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Posted November 9, 2010

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Students and Teachers Present at Conference for Math, Science, and Environmental Educators

School on Wheels Alternative High School seniors Estevan Sedillo, Christine Griego and Estevan Ramirez and junior Anthony Cordova presented last month alongside teachers and scientific professionals at a state conference for math, science and environmental educators.

As the only student presenters at the fall conference for the New Mexico Science Teachers Association, the New Mexico Council of Teachers of Mathematics and the Environmental Education Association of New Mexico, the students joined Rio Grande High teachers John Wright, Carol Lopez and Bill Gorum and former School on Wheels teacher Vince Case, who gave a hands-on presentation about the Acequia Monitoring, Outreach, and Restoration (AMOR) project.

Started in 2007, the AMOR project monitors the water quality of Albuquerque’s acequias and riverside drains since no government entity regularly monitors the safety or health of the acequias.  Over 400 Rio Grande and 30 School on Wheels students have participated in the monitoring project since its inception.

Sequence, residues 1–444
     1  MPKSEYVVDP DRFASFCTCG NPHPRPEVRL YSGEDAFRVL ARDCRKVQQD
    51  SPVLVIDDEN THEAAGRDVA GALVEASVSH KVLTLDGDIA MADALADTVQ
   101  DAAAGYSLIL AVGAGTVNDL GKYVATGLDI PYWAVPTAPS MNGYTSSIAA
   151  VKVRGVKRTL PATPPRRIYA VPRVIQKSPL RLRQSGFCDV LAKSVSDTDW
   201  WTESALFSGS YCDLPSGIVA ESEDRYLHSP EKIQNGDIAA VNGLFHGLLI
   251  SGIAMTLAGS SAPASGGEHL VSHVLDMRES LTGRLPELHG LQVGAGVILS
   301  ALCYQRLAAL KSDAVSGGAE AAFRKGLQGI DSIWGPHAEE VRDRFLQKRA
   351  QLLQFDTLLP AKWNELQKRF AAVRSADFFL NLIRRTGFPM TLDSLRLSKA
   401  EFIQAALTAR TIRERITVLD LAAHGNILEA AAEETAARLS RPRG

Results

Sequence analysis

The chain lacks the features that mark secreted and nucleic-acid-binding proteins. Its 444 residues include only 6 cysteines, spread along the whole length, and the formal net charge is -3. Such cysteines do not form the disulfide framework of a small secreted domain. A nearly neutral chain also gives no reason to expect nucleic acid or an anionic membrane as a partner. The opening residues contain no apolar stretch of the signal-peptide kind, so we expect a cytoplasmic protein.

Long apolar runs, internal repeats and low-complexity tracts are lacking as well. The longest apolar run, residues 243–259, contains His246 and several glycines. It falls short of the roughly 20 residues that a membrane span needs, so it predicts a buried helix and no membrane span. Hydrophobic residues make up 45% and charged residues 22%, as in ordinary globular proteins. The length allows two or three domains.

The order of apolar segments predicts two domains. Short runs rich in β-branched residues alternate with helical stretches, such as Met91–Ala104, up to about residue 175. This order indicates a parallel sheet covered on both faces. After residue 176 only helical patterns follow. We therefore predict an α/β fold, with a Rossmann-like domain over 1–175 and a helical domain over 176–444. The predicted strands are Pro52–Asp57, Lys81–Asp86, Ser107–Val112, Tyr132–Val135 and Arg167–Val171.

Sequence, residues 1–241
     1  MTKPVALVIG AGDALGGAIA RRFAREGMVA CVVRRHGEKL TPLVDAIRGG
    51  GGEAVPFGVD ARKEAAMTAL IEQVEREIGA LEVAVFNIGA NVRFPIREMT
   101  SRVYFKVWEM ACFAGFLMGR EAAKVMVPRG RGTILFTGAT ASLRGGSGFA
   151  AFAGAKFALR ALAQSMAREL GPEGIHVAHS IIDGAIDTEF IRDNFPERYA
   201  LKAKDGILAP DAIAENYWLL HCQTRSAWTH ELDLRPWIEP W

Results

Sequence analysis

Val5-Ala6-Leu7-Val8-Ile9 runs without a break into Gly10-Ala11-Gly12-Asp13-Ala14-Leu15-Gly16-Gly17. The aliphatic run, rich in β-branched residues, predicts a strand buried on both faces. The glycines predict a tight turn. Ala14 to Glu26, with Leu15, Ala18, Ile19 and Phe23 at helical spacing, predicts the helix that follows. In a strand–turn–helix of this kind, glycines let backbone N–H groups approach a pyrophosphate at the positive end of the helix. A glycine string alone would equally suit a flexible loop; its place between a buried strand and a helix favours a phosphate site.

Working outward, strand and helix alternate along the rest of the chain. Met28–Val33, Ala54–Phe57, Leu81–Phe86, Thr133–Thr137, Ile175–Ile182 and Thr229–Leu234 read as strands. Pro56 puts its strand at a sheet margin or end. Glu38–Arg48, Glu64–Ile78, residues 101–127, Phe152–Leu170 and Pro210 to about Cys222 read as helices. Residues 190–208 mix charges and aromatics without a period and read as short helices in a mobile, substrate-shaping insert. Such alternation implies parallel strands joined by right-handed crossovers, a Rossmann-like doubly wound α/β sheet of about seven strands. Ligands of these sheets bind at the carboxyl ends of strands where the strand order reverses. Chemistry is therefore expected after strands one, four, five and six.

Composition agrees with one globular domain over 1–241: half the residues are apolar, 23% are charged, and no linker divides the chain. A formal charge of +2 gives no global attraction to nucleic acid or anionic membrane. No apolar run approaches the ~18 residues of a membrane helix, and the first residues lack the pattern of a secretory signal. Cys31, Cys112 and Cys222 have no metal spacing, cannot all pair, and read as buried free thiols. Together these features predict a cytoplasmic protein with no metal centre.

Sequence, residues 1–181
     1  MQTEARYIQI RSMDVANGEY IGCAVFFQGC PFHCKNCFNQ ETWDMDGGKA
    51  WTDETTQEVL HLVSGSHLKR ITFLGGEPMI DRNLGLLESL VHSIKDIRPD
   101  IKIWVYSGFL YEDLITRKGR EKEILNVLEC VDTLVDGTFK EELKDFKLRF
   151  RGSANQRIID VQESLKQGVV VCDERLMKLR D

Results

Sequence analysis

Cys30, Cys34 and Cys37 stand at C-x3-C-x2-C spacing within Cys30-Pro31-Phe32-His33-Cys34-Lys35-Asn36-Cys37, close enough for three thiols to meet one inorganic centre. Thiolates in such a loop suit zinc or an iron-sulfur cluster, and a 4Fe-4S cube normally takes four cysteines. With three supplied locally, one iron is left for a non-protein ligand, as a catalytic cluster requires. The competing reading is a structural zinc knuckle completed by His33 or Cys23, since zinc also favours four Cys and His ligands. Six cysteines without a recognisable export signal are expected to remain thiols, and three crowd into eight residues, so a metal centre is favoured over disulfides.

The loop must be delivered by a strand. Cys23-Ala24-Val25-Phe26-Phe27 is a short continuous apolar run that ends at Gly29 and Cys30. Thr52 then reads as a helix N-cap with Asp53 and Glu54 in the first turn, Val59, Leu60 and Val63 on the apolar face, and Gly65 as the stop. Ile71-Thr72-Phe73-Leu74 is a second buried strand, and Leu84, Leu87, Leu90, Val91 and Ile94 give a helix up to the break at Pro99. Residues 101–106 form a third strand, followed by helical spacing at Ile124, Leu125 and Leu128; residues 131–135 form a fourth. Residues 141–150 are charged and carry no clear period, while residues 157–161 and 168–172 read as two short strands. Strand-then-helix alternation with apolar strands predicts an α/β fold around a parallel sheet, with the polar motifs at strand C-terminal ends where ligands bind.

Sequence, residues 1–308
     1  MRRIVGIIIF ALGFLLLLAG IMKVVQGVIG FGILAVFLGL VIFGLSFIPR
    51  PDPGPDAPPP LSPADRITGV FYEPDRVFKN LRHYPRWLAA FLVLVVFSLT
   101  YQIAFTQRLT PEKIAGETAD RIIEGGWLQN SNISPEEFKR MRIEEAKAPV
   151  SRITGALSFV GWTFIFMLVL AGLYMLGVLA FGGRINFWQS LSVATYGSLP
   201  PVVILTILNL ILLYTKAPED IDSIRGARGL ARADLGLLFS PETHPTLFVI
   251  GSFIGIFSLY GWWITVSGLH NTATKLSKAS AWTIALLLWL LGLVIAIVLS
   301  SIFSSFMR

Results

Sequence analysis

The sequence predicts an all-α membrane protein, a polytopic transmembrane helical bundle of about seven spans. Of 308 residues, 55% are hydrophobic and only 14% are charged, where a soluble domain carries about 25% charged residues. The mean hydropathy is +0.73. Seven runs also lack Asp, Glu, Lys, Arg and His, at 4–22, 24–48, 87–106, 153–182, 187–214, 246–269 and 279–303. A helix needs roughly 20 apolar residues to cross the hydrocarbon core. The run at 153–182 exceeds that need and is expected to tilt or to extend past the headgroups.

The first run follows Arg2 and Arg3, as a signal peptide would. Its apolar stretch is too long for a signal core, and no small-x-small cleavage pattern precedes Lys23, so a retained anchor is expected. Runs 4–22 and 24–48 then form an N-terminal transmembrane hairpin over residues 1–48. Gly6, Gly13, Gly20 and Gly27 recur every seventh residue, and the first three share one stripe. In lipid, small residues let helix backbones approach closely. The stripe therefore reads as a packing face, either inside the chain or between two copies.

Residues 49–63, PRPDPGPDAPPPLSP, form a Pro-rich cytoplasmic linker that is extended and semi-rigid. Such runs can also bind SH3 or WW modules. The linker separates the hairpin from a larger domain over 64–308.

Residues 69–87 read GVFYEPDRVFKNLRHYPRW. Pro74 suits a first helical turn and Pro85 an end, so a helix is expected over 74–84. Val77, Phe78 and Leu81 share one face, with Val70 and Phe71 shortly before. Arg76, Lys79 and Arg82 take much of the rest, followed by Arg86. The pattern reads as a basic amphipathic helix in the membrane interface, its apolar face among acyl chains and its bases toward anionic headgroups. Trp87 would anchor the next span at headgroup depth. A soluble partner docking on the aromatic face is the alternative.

Conference participants learned about the project’s goals and objectives, and teachers Wright, Lopez, and Gorum shared how they developed integrated, project-based learning experiences for their Rio Grande students.  Rio students wrote poetry, learned about the history of acequias, interviewed local residents about the cultural and economic value of acequias, not to mention the science behind water quality monitoring and the mathematics needed to analyze the data.  Participants then learned how to conduct scientific water quality monitoring from SOW students Sedillo, Griego, Ramirez, and Cordova.

Articles about the AMOR project have been published in the Santa Fe New Mexican, the Albuquerque Journal and the New York Times.  In September 2009, the AMOR project pharmaceutical data spurred the Albuquerque Bernalillo County Water Utility Authority to monitor water for pharmaceutical chemicals.

The success of AMOR is due to funding through the US Fish & Wildlife Bosque Initiative as well as the collaboration of and partnerships between student groups, their teachers, community non-profits and the professional scientists involved in this project.

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